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2021 National Literary (Writing) Contest — Guidelines

Writing Contest Guidelines





Entries must be submitted by 10 p.m. on Saturday, August 7th, 2021.

Please carefully read and follow the submission guidelines below:

  • To be eligible, you must be a confirmed registered and active (YOUTH) member of the Society of St. Vincent de Paul in Nigeria.
  • By entering the contest, you confirm that the essay submission is your own original creation, and not entered for any other contest or similar event, not even in part. Nor will texts previously published in print or on any platform or communication media be valid.
  • A written essay is the only literary form accepted (no poems, plays, songs, etc.).
  • Only one essay may be submitted by each contestant.
  • Each essay should reflect the contestant’s own interpretation and original thinking.
  • Each essay should be given an original title.
  • Fill your Participant’s Personal Verification Details on the last page of the work, and again on the body of the email.

Essay Specifications:

  • Entries are to be written in English language
  • The essay must not exceed 20 (A4-size) pages written on one side, including the cover and closing pages, double-spaced.
  • Use 12-point font (preferably Times New Roman or Arial).
  • Use 1-inch margins all around.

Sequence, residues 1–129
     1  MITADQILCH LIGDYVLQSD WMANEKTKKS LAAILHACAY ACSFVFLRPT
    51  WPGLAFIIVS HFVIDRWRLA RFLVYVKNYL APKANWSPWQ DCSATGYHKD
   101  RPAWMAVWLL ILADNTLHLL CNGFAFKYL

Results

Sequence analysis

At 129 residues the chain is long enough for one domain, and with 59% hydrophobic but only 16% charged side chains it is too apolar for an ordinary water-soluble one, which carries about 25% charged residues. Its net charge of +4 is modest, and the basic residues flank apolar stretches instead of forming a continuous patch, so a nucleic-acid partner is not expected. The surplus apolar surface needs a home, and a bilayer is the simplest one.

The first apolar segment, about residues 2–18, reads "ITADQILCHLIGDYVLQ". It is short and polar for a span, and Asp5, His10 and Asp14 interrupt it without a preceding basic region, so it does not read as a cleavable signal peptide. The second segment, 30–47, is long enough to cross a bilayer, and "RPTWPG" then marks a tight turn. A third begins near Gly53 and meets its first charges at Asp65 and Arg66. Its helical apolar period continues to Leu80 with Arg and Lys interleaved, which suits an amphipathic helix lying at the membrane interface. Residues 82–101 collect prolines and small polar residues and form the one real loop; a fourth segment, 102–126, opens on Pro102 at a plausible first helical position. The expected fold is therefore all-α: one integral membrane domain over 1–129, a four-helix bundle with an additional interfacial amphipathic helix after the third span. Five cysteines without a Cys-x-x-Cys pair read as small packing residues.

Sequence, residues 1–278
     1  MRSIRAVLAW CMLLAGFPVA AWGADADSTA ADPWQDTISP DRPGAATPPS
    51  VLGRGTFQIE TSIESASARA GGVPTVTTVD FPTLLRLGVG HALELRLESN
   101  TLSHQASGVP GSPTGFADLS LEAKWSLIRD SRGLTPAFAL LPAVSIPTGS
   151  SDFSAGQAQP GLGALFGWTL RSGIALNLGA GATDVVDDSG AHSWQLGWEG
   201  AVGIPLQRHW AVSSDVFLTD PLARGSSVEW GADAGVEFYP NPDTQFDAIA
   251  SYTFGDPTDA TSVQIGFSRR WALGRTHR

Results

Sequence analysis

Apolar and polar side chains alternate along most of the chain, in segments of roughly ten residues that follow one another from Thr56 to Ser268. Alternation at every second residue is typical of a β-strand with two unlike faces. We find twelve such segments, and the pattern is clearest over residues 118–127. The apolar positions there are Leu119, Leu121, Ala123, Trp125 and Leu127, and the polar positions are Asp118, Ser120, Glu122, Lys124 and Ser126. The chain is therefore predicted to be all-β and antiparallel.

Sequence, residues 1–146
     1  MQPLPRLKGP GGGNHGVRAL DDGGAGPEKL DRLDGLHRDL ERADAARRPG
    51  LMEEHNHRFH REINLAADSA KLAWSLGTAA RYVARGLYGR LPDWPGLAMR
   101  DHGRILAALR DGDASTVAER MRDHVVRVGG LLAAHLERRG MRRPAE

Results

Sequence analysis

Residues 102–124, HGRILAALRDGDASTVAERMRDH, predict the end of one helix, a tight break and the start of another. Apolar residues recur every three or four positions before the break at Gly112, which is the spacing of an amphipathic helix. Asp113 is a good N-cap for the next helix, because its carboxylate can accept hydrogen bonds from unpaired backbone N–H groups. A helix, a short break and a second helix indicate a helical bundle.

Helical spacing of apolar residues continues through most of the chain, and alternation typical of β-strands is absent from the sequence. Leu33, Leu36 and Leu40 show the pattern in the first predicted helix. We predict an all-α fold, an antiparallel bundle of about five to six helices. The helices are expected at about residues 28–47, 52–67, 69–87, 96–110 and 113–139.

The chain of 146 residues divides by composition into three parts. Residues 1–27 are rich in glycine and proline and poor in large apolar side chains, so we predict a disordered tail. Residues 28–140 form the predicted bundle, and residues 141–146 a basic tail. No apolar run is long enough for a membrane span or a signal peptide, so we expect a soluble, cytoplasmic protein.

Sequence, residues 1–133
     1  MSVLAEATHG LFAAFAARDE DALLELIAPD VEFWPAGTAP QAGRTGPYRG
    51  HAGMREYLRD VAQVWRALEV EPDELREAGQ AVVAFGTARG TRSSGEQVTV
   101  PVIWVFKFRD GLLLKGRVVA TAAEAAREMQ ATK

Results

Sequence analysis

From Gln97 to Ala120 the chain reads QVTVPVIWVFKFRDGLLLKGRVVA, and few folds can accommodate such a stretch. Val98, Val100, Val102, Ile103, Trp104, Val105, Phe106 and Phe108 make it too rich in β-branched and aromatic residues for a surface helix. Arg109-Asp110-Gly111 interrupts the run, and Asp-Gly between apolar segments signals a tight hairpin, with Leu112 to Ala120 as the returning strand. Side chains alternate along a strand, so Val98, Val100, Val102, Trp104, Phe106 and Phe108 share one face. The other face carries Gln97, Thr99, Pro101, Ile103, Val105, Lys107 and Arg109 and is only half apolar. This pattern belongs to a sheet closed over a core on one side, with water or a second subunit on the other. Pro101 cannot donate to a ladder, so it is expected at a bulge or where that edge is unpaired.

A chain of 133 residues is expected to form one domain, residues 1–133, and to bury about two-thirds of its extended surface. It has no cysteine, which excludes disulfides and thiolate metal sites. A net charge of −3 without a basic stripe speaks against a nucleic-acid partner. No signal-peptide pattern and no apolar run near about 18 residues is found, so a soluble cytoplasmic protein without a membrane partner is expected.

• Do not justify the right margin.
  • Pages should be sequentially numbered.
  • Essay is to be submitted on both WORD and PDF versions.
  • Essay may include all types of images and / or graphic documents which help to explain the topic of the work submitted.

Essays will be judged on the following criteria:

  1. Creativity – Does the essay reflect a creative and original perspective on the book?
  2. Organization – Does the argument follow a logical and easily understood progression?
  3. Clarity – Did the author use concise language?
  4. Unity/Development of thought – Does the essay reflect a thorough comprehension of the subject and our Vincentian Apostolate?
  5. Grammar/Mechanics – Did the contestant use correct grammar, spelling, and punctuation?

Judging of Submissions:

  • The essays will be independently judged by a committee of 7 professional judges, and collected by a secret planning team.
  • Finalists will be announced and invited to the National Youth Convention where the Winners will be announced.
  • The winners will receive their awards upon announcement during the Convention, August 26th – 29th, 2021.

Submitting Your Essay:

Entries must be received electronically on/before 10 p.m. on Saturday: August 7th, 2021 at the following email: and copy

When submitting, please attach an electronic (Both WORD and PDF) version of your essay to the email.

Participant’s Personal Verification Details:

Include the following information in the body of your email message:

  • Name
  • Email address
  • Phone number
  • Conference
  • Name of Central Council
  • Name of Metropolitan Council
  • Name of Conference President (Adult)
  • Phone number of Conference President


Monetary prizes for the Literary Competition winners:

a.- The writers of the three best entries will be awarded monetary prizes:

First prize:                100,000 naira

Second prize:           50,000 naira

Third prize:               30,000 naira

b.- Note that 30% of the prize award will go to the Conference to which the writer of the winning document belongs. The money given to the Conference shall be used only for the work, activity or a project on behalf of those in need, carried out by this Conference, represented by its President.

c.- Other